Ancient Roman Armor

The Diverse and Effective Variations in Ancient Roman Armor

The Roman army was one of the biggest assets of the ancient Roman Empire. Based on many artifacts and some literary sources, the archaeologists and historians have been able to recreate a wide range of ancient Roman armor. Read through this Buzzle article to know what the ancient Roman armor was like.
Quick Fact
According to the American military strategist, Edward Luttwak, though the Roman armor was well-designed and advanced, it was not of a better quality than that used by some of its enemies.
INDEX
» What is an Armor?
» Armors in Ancient RomeThe Roman Empire was one of the mightiest empires in the ancient world. By means of archaeological excavations and historical sources, we now know about lot of interesting facets of ancient Rome and its people. Apart from their art and architectural remains, and their legal system (from which, the world has borrowed a lot of things), an aspect of ancient Rome that tends to intrigue us the most, pertains undoubtedly to their military might. We know for sure that the ancient Roman Empire possessed a huge military-infantry, cavalry, and navy-and the various warfare techniques and weapons, which they used were so sophisticated for their time, that we can only but admire them. A Roman soldier was an important unit of the military, and those in power seemed take utmost care regarding the safety and security of the soldiers at the time of war. In this respect, what played the most significant role was the armor that the soldiers wore.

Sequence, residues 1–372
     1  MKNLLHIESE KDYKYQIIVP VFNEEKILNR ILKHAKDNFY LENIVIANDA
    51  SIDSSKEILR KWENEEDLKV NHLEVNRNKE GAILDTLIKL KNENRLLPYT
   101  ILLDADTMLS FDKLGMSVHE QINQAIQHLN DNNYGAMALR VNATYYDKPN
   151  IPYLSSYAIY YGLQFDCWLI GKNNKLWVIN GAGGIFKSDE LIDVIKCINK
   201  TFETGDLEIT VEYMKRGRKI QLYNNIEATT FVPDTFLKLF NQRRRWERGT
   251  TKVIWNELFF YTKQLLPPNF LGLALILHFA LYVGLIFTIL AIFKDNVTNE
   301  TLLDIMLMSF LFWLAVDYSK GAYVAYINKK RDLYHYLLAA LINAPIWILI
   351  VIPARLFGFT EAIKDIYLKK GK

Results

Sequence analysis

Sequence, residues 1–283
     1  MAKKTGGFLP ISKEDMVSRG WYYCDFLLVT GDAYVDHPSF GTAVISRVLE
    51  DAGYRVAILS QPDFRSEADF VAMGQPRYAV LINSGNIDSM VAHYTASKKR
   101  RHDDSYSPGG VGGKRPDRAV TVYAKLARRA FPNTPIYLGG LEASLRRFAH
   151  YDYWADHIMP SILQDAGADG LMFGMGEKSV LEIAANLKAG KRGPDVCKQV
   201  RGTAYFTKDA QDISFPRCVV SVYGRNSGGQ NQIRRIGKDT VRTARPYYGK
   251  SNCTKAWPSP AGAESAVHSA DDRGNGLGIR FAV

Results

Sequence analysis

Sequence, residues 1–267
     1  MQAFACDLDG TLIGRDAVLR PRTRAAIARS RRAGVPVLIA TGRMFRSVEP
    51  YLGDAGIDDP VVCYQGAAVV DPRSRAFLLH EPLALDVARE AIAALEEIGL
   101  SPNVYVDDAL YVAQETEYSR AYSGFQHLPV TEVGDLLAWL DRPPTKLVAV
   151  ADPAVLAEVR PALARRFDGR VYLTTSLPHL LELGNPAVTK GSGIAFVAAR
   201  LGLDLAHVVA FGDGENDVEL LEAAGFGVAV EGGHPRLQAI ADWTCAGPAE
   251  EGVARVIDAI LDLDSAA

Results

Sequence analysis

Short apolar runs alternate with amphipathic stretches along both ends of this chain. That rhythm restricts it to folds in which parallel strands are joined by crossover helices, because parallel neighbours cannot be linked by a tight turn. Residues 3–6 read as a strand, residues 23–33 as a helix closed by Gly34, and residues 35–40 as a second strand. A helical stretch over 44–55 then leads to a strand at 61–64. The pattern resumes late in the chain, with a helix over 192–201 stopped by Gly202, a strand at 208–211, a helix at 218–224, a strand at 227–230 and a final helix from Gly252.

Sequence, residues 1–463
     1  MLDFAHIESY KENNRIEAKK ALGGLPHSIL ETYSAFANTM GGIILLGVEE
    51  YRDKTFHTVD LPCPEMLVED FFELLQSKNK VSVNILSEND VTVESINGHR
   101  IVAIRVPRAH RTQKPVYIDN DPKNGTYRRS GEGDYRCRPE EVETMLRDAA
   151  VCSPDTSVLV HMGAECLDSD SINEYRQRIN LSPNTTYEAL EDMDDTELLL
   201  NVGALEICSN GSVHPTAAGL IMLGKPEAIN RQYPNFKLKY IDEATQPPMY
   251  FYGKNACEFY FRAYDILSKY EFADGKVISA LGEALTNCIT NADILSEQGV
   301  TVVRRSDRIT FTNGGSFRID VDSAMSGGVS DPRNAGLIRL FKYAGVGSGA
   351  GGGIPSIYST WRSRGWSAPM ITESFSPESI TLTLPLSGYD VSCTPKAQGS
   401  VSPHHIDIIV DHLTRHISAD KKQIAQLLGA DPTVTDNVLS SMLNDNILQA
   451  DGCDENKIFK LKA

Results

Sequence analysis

What is an Armor?

An armor, in military terms, is a protective gear worn by soldiers and war animals, as a covering to prevent themselves from getting injured or hurt. Sources tell us that armor has been used by warriors throughout the recorded history. Various materials such as leather, wood, bronze, etc. have been used for making armors since ancient times, and there are so many different kinds of armors used all over the world that it is extremely difficult to keep a track.

Typically, there are different types of armors used to safeguard different parts of an individual's body. For instance, a torso armor is used to cover the torso, the limb armor is used to cover the hands and the feet, and so on. Notably enough, a shield is also a form of personal armor that can protect its bearer from lethal weapons such as swords, maces, arrows, and battle axes. So, a fully armored soldier usually bears a protective covering over his/her body, and also holds a shield.

Armors in Ancient Rome